I just stumbled across an amazing country house estate that will be auctioned next month! Located just 50 miles south of Washington DC, and set on more than 170 acres of Virginia’s finest hunt country, this property — now known as “Poplar Springs” — will be sold at public auction on Wednesday, November 6 at [...]
Last fall, while documenting the attic of an 18th century house in Delaware, I got really excited when I spotted some carpenter’s marks carved on a set of 18th century rafters. It had been awhile since I had seen any. After discussing their purpose with my colleagues, I got to wondering just how common-knowledge [...]
In Thomas Hubka’s Big House, Little House, Back House, Barn, he studies the phenomenon of the connected farm landscape of northern New England in the 19th century. Published in 1984, Hubka’s work was on the forefront of defining and expanding the field of vernacular studies. In Big House, Little House, Back House, Barn, Hubka examines [...]
Published in 1979, The Framed Houses of Massachusetts Bay, 1625-1725 was a giant contribution to the study of vernacular architecture, and it remains a foundational reference work for scholars of colonial architecture in Massachusetts and beyond. Focusing on the “first period” of settlement, from roughly 1620-1720, Cummings’ excellent work is an encyclopedic and systematic evaluation of [...]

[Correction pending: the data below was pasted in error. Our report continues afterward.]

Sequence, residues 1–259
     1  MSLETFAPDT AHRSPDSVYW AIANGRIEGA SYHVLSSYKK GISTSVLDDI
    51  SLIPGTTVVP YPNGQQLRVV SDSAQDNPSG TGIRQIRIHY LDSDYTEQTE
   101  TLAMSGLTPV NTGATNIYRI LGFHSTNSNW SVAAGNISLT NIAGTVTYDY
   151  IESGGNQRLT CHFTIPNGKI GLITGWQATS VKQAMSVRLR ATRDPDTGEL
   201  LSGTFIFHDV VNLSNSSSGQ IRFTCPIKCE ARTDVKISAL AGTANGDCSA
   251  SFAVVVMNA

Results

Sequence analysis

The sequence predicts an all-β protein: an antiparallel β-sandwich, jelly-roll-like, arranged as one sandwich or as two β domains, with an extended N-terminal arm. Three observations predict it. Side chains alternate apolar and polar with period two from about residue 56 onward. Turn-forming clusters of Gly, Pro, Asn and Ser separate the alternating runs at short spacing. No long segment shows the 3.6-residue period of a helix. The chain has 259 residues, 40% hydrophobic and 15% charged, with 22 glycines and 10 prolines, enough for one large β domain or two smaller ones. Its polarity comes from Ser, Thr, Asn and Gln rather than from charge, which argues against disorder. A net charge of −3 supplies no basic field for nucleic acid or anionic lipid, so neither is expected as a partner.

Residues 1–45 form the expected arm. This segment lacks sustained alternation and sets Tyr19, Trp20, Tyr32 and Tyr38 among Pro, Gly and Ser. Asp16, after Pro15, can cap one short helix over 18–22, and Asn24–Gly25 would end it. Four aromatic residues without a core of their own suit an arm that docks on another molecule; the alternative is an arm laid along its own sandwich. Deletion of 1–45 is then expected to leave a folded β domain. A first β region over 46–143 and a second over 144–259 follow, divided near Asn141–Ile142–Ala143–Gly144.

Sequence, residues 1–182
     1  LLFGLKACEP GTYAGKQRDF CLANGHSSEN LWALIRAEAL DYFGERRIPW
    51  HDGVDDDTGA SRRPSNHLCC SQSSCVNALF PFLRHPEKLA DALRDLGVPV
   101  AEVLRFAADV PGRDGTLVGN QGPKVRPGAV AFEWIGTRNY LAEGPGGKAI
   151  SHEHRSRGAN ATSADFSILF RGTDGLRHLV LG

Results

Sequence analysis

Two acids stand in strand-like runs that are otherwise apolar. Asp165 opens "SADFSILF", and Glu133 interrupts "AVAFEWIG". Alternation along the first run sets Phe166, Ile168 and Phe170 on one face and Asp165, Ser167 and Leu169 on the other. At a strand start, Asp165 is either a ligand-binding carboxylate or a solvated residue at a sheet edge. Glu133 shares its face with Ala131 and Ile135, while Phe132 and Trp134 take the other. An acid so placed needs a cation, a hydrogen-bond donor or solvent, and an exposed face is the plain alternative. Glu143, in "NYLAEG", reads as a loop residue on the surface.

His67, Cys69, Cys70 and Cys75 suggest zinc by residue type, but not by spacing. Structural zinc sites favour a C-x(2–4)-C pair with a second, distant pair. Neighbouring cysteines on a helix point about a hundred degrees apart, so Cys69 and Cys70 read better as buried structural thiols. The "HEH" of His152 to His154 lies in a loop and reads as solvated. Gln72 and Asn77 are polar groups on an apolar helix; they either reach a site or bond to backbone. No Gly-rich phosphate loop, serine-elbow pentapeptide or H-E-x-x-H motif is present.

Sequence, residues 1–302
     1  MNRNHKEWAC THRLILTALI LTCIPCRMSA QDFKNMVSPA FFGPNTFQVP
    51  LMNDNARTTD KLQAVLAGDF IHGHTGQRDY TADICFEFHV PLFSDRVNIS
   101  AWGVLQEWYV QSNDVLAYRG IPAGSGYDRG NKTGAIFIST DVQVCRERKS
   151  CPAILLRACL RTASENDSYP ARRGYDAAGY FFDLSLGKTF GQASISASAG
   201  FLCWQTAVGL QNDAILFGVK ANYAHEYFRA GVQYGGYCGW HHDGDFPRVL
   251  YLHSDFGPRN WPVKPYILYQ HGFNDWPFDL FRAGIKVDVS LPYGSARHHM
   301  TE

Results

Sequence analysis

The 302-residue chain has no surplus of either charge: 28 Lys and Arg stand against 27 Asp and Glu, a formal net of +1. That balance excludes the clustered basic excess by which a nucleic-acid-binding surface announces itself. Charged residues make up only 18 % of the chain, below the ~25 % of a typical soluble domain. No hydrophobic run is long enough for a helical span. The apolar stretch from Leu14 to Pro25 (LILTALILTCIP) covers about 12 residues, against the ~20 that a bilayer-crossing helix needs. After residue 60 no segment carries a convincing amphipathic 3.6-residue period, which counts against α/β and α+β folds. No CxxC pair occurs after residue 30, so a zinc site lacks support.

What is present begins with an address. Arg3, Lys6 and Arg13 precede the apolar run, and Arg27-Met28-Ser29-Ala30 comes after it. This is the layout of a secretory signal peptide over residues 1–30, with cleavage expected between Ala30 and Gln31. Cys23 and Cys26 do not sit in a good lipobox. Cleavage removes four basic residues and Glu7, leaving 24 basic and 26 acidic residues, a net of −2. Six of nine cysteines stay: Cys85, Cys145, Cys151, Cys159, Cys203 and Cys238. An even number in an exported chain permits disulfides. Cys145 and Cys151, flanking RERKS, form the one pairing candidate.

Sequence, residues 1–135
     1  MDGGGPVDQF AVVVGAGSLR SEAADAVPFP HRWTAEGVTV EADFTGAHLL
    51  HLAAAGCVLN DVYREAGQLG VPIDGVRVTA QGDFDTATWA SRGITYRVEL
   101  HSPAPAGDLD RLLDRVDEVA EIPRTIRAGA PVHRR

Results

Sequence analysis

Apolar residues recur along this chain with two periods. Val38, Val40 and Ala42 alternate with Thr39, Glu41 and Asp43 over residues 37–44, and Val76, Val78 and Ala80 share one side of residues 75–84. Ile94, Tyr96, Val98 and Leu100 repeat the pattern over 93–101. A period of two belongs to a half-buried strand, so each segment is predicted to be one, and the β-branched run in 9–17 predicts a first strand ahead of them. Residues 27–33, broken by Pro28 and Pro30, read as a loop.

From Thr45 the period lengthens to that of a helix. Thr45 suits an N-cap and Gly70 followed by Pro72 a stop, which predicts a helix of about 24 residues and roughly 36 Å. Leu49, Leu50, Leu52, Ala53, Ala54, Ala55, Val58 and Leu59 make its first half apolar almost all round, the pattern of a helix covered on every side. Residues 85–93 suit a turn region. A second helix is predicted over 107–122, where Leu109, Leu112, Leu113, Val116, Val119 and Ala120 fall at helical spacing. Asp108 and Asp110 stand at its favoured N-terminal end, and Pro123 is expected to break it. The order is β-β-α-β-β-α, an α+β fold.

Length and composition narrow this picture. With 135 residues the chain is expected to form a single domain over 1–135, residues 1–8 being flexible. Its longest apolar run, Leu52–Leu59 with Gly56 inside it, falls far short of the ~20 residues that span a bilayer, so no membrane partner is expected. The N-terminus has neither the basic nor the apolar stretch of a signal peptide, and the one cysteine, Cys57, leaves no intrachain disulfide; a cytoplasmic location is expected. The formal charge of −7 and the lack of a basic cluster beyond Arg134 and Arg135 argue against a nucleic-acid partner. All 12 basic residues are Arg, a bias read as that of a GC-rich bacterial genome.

When it comes to admiring old houses, I tend to favor rustic, 200-year old post & beam structures. Yet some of my favorite historic houses are much more modern: Craftsman-style bungalows. This article will highlight the history & characteristics of this beautiful architectural style.
So, this really exists. An 18th century farmhouse (dating to 1795) that is now a McDonald’s restaurant on Long Island in NY.
Even among historic house lovers, I am probably one of the few crazies who would actually love to live in a rustic 17th- or early 18th-century home. An old “New Englander” would be especially nice, with creaky wide-board floors, exposed beams, and wood-paneled walls. I can picture myself enjoying Thanksgiving dinner with my family, gathered [...]
Georgian architecture was the dominant style of 18th century America. This style is called Georgian because it was dominant from approximately the reign of King George I who ascended the throne in 1711, until the end of the American Revolution (King George III). By the early 1700s, English colonies in America were a bit more [...]
This one is, well, just a tad unique. In 1976, a black couple — Donald & Thelma Smith — bought a beautiful mansion (circa 1912) in the historic Hill District of Pittsburgh. While doing some renovations a few years later, some exterior wood was removed from the facade to reveal — surprise, surprise — a [...]
I really like Marshall, Michigan. I’ve only been there once, and that one visit was only a few weeks ago. However, I am smitten. I had long been looking forward to visiting Marshall (well, “long” being since March 2009), when I bought an old copy of Mabel Cooper-Skjelver’s Nineteenth Century Homes of Marshall, Michigan (see left). Flipping through musty pages of old black and [...]